by Wine Owners
Posted on 2019-02-07
The broad-based WO 150 Index was flat for the month, as were nearly all the indices. The only real note of interest was the Burgundy Index, dropping by 0.7%. As you can see from the graph below it has been the stellar performer amongst the great wine producing regions of the world. It’s far too early to start calling a general cooling off period but as I have been arguing here it feels right to top slice some of the better performing names and start looking for some laggards.
The numbers in the box below are performance numbers over a five-year period, so all very respectable but nothing comes close to Burgundy. The consistency and lack of volatility must surely be a thing of beauty to the investor and connoisseur alike?
January is a busy month in the wine world when the latest Burgundy vintage is sold ‘en primeur’. 2017 was a decent vintage (See WO Blog) and has sold through pretty well given another year of testing prices.
The ‘Southwold group’ met in January to review the now in bottle Bordeaux 2015 vintage and there are two excellent reports on the three day session to be found on Vinolent.net and FarrVintners.com. In brief summary, ’15 is maybe not quite the excellent vintage that was first pronounced, certainly when judged by ‘English’ palates but still pretty damn good with some show stoppers therein. At the end of the Farr report there is an interesting table of recent vintages in order of perceived quality.
Here at Wine Owners we are betting more heavily on the ’16 vintage (not yet included in the Farr report) which we believe will move very close to the top of the leader board. Messrs Martin and Galloni of Vinous Media have recently reviewed the 16s in bottle and are waxing lyrical. Our very own meteorology and Bordeaux expert called the ’16 vintage some time back - pre the en primeur tastings even! All subsequent tastings and encounters of the vintage have confirmed our views and we are confident enough to shout BUY. What and when is a much more interesting question - so please get in touch to hear our thoughts.
by Wine Owners
Posted on 2019-02-04
As a couple of recent posts have alluded to, we think some of the really top end Burgundy has reached heights that might not be sustainable in the short to medium term. Over the last decade or so the Burgundy market has been the star performer:
But in the last year it has gone into interstellar overdrive:
Obviously Burgundy, and particularly the greatest names, are in short supply and the desire to have a slice of the action has had a dramatic impact on prices. But can this continue - THAT is the question!? This commentator has already sold some of the spectacularly performing big names and is reallocating the assets lower down the ladder, especially where prices are yet to move.
Last week we compared values of Clos de Beze 2010 from the Domaines of Rousseau, (Bruno) Clair and Drouhin-Laroze, all very closely rated, to find their respective price ratios to be 1 Rousseau for 13 Clair for 28 Drouhin-Laroze. This highlights the incredible disparity between certain growers and of course there will always be premia for certain names. However, the gaps have widened and some of the differentials are unjustified - opportunities abound, inter Burgundy and elsewhere. This quick comparison of a few random names suggests the currently less fashionable 1st Growth Bordeaux and even serious Rhone could be worth a look:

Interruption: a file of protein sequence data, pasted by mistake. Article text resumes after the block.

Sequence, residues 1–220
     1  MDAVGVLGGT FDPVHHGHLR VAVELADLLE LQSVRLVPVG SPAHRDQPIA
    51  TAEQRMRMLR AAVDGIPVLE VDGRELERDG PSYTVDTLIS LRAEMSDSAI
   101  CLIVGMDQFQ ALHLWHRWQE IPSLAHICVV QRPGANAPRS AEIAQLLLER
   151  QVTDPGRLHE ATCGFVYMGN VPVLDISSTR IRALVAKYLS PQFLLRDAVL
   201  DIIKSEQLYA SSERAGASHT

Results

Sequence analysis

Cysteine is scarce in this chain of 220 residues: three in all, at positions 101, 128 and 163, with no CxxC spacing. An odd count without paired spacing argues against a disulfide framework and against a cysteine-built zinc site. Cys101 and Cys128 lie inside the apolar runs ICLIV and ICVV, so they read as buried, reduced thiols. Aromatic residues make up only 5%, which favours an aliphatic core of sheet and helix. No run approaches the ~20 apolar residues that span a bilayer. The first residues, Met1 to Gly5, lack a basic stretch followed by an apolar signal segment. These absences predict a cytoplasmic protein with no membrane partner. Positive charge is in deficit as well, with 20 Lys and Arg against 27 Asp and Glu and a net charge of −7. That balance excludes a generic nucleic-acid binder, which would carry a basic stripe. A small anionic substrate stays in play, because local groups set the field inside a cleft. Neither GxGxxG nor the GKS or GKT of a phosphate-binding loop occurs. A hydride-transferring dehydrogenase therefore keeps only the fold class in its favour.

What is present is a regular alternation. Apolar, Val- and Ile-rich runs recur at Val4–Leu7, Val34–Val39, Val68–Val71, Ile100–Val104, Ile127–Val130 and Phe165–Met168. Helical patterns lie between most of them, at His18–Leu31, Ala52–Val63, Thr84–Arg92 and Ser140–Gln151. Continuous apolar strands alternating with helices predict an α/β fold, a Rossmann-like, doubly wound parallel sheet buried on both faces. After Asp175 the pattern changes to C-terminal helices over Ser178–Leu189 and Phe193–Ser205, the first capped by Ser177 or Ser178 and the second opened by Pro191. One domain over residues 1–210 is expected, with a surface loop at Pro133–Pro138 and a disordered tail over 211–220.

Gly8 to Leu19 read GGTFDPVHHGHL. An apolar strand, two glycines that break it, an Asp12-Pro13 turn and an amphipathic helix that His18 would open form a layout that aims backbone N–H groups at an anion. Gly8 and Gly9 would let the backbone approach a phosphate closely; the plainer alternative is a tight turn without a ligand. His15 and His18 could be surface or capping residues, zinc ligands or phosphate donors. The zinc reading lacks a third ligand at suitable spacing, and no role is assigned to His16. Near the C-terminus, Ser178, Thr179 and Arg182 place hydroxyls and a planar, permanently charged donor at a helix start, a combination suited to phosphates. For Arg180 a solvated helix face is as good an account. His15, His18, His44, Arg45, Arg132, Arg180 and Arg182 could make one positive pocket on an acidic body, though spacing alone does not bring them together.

Please get in touch if you would like to discuss the Burgundian Conundrium and see if we can make sense of it!?
by Wine Owners
Posted on 2019-01-31
Domaine Bruno Clair, Chambertin, Clos de Beze 2010
WO Score: 94
Price: £3,120 per 12
Note from Burghound (93-96 points):
A spicy, pure and admirably refined nose offers up notes of cool, layered and an impressively broad mix of wild red berries, stone and underbrush hints. The textured and almost painfully intense broad-shouldered flavors possess deep reserves of tannin-buffering dry extract as well as the same extraordinary finishing depth that the nose hints at. A knock-out but this is expressly built to age and the flavors and tannic spine are so tightly wound that it's pointless to buy this if you do not intend to age it for at least 10 to 12 years first.
Domaine Drouhin-Laroze, Chambertin, Clos de Beze 2010
WO Score 96
Price: £1,410 per 12
Note from Burghound (93-95):
A spicy, ripe, elegant and admirably pure nose offers up notes of anise, sandalwood and clove that add breadth to the floral, earth and stone-suffused aromas. There is the same superb breadth to the rich, intense and tension-filled full-bodied flavors that possess excellent power and drive on the seductively textured, muscular and classy finish.
Both the Drouhin-Laroze and the Bruno Clair expressions of Clos de Beze from the blockbuster 2010 look attractive at current levels with the less fashionable Drouhin-Laroze really standing out - there are a few cases in the market too. Both get great scores across the board from the critics and have not kept pace with the sizzling Burgundy index (Drouhin-Laroze in light blue) over the last three years:
Whilst seeking high quality wines that have lagged the Burgundy market, these two have popped up as good candidates. More and more market watchers will be searching for this type of opportunity, so some catch up is expected. Neither have hit their drinking stride yet but when the scarcity kicks in, will it be possible to source them when they do? I doubt it.